In this course, we have drawn from creation stories, religious texts, philosophical treatises, and laws to explore the natural, political, social, and cultural realms of the human experience. Think about the fundamental questions that people across time and place have asked, and how the primary sources we have read answered those questions.
PROMPT: Compare and contrast how two societies we have studied in this course addressed a fundamental question of human existence. Be sure to clearly identify the fundamental question you will address and draw from relevant primary sources assigned in Milestone Documents to analyze how your 2 selected societies have answered your fundamental question.
Step 1: Identify the fundamental question you will explore. The question should be universally applicable and answerable using information from the primary sources in Milestone Documents and the modules. Here are some examples. You may pick one for your essay or develop your own.
• How did the world come into being?
• Why is the world the way that it is?
• What is the good life?
• What happens after we die?
• Are humans innately good or evil? Or does society shape human character?
• What is the basis of political authority?
• What is the best form of government?
• What is justice?
Step 2: Select 2 societies from the list below to compare and contrast. Be sure there is enough information from the sources in Milestone Documents and the modules for the 2 societies you choose to answer your fundamental question.
Step 3: Select representative primary sources from the assigned documents in Milestone Documents for your 2 selected societies. These primary sources must have information that addresses your fundamental question. You must have at least 1 primary source for each society, for a minimum of 2 primary sources from Milestone Documents.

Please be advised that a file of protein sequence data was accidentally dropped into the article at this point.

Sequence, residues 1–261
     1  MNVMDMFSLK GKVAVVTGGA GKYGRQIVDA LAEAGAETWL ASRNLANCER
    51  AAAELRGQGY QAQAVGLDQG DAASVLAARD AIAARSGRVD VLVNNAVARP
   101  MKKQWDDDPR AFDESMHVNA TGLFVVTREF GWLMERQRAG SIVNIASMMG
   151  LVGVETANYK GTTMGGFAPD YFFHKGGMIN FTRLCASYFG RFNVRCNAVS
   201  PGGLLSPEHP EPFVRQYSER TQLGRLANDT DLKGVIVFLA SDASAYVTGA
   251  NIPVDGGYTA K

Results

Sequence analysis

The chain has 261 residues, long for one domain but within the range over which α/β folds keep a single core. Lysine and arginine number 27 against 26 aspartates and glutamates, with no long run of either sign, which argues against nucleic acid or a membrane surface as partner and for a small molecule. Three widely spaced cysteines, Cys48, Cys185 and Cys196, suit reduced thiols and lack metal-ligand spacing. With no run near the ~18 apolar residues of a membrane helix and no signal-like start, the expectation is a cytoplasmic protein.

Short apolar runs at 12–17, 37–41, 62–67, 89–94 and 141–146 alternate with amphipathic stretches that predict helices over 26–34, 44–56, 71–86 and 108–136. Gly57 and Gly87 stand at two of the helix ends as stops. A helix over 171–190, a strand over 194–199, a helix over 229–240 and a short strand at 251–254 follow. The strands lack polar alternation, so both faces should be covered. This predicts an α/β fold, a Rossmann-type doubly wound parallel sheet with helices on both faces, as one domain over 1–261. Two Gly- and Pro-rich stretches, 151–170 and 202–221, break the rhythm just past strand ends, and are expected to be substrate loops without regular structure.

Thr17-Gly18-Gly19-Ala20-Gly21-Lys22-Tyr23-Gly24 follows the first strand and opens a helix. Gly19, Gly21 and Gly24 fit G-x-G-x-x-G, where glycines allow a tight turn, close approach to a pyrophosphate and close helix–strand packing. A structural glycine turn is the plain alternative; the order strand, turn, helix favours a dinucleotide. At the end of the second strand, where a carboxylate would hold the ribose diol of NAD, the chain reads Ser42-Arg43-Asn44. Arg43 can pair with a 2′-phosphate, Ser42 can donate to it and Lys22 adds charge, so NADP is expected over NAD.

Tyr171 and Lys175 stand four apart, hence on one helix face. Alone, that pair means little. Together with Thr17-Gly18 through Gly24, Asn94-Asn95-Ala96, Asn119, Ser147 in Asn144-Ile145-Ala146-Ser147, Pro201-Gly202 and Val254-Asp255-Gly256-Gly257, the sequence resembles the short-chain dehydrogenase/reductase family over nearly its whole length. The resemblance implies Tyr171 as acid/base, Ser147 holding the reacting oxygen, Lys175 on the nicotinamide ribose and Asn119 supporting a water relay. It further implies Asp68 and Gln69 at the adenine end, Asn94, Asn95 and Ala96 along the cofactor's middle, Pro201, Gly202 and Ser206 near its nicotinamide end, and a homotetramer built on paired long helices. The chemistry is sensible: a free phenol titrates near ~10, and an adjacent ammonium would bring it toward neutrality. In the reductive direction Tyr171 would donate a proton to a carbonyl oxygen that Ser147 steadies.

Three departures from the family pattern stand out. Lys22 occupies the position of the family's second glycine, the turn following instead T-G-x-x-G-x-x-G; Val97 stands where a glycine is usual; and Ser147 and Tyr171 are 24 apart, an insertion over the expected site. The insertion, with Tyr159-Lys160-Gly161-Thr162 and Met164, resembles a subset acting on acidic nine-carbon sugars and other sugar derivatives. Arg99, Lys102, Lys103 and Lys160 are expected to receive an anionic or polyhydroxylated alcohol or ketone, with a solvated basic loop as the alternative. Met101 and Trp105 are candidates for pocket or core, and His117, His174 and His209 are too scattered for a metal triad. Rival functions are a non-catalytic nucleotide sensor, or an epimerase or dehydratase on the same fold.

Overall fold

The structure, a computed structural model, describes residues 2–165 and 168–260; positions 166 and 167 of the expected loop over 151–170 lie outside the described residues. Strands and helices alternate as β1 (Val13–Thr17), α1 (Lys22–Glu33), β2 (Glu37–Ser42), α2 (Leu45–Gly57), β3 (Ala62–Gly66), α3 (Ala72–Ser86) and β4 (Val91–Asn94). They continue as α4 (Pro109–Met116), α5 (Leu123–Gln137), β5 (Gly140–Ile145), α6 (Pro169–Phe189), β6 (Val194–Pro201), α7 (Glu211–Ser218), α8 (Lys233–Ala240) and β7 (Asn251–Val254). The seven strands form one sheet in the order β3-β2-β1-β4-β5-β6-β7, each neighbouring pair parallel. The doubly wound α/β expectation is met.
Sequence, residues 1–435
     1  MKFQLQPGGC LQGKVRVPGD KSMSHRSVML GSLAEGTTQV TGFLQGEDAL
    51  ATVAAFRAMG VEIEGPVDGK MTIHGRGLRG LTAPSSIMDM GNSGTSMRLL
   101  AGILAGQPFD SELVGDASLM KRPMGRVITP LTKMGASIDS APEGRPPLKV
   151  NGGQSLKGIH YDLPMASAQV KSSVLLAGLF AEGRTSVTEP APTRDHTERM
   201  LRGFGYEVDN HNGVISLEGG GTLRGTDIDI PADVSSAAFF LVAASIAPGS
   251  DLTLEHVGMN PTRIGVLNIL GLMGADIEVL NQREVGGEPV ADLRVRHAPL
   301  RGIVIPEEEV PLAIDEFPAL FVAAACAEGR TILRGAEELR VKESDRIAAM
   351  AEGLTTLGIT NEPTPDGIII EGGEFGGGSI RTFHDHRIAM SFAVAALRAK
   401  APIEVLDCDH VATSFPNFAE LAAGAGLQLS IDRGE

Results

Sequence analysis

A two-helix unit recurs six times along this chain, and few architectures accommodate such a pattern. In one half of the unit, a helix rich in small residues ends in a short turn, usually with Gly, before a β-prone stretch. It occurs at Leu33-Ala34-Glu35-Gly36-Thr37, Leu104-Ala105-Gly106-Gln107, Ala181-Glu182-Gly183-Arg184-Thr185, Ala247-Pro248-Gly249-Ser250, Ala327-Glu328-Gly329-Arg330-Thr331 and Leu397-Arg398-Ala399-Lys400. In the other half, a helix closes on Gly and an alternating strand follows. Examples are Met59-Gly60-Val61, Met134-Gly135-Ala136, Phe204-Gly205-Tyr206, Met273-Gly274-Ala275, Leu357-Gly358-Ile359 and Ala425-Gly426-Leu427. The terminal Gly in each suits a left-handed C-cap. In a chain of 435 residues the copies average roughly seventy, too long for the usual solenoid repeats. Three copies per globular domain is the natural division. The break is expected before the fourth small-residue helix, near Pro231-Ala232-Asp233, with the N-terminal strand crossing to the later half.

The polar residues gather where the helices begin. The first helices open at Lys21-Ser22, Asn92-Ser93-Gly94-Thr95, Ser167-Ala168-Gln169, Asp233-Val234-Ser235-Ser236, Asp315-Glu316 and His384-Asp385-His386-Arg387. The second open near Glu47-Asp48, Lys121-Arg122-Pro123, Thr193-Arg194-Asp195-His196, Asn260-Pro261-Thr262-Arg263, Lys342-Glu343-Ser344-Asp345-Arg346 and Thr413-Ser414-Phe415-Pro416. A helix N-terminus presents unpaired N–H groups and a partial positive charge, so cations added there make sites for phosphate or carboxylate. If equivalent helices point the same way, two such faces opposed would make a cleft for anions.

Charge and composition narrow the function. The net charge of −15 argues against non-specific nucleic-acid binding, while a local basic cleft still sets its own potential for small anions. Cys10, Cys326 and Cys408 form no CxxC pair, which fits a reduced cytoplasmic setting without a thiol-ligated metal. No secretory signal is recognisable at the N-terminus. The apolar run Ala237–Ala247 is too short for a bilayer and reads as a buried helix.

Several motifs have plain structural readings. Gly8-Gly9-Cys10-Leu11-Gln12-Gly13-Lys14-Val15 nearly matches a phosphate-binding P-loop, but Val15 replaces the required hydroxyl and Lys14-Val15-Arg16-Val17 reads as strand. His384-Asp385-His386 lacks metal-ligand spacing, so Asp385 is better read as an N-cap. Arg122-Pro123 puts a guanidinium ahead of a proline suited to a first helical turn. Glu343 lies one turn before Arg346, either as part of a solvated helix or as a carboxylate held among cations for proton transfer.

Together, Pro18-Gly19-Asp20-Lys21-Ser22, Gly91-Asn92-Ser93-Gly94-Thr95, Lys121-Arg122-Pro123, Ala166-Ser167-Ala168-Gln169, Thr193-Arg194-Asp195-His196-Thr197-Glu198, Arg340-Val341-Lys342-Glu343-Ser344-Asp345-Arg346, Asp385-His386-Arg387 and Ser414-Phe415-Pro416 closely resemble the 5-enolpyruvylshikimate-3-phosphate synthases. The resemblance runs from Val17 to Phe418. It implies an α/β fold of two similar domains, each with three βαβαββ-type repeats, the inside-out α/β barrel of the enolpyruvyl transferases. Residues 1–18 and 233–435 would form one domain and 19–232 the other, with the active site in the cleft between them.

Step 4: Analyze how your representative primary sources address your fundamental question. Do not simply summarize the documents. Analyzing requires you to explain how a specific part of the document addresses your fundamental question and what that reveals about the society that produced that document. See the guides to writing an essay posted in this section for more information and examples.
Step 5: Compare how your representative primary sources address your fundamental question. Make explicit the similarities and differences (make sure there is a basis for the differences, e.g., differences in political authority in Mesopotamian/Chinese law v. Roman law). Provide an explanation for those similarities and differences. For example, think about the common issues all humans confront, and why people may address them in similar ways in certain circumstances and in different ways in other circumstances.
Step 6: Support your points with specific examples from the primary sources. It’s better to paraphrase; assessment will be based only on what you write in your own words. If you quote from a source, use parenthetical citation. Example: “Quote” (“Source Title”). If there is a section number in the source, please include it after the source title.
The essay must have an introduction with a thesis statement that answers the prompt, body paragraphs that support the thesis with specific and relevant examples from the readings, and a conclusion that summarizes the significance of your fundamental question. Do not use outside sources.